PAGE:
Gone is the noise and frenzy of the main square. My mind is contemplative as I wander through the site. The temple of Tenochtitlan was once home to a powerful Aztec culture. It’s impressive. Actually, I’m fascinated by the layers of culture and history – sculpted symbolism and architectural remnants of an ancient state, a beautiful Spanish colonial historic district, and a blend of contemporary cultures with striking contrasts between the haves and have-nots – all here in this spectacular, polluted, earthquake-prone, sinking city centre.

I went back to the square later that evening. I had read warnings that this city is dangerous, i.e., 60 kidnappings a day, but I felt safe. The Zocalo and nearby streets were overflowing with people – families, friends, lovers, performers, artisans, tourists, and police. A magnificent Christmas tree, lighting displays, and the vitality of the crowd were all so enticing. I was glad I had decided to stay in this part of the city. However, after a refreshing pineapple and orange juice earlier in the afternoon I now felt I was doing a disservice to myself and the culture with my 7-11 dinner of a hot-dog and coffee.

Day two found me on the Touribus. It’s an excellent service – 21 stops and you can get on and off all day! I did not get off though – not my intended plan – the city is so large, and I decided it would serve as an orientation and overview. Back on foot, I explored more of the historical district. Architecture, sculpture, mesmerizing murals, the Almeda, Spanish conversation with a couple schoolgirls, a tortilla and cerveza at an outdoor cafe made all the more pleasant by a talented classical musician, and another evening strolling about the Zocalo happening upon various groups performing ritualistic dances.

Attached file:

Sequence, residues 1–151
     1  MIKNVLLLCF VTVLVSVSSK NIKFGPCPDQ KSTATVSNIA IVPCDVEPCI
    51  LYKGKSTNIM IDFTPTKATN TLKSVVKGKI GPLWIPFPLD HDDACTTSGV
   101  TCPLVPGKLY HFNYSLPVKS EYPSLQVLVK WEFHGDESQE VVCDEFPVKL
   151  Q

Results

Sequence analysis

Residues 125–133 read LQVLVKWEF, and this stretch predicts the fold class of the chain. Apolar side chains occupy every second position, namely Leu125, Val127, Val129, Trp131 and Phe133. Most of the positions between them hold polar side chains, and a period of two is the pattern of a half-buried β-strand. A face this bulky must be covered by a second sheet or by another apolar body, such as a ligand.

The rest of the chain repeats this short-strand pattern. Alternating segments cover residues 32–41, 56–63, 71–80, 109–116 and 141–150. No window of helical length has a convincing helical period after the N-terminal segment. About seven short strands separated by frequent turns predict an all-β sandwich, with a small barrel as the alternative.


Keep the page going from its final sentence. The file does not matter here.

The third day I went to the Aztec pyramids at Teotihuacan.  The site is awesome, the sun is hotter, and it’s full of tourists! I stood on top of the Temple of the Moon and tried to imagine life in the former society. While anthropology sheds much light, the reality is that time presents an impenetrable barrier. I didn’t make it to the top of the Temple of the Sun – I was worried about how I would get down. I wondered if the Aztecs, too, experienced vertigo.

Later that night, while I was sitting in the hostel entrance, a young man entered and very politely explained that he was a craftsperson from the north but hadn’t sold enough today to pay for his room. He was now trying to earn the money by selling lollipops for a peso a piece. One peso is worth so very, very little.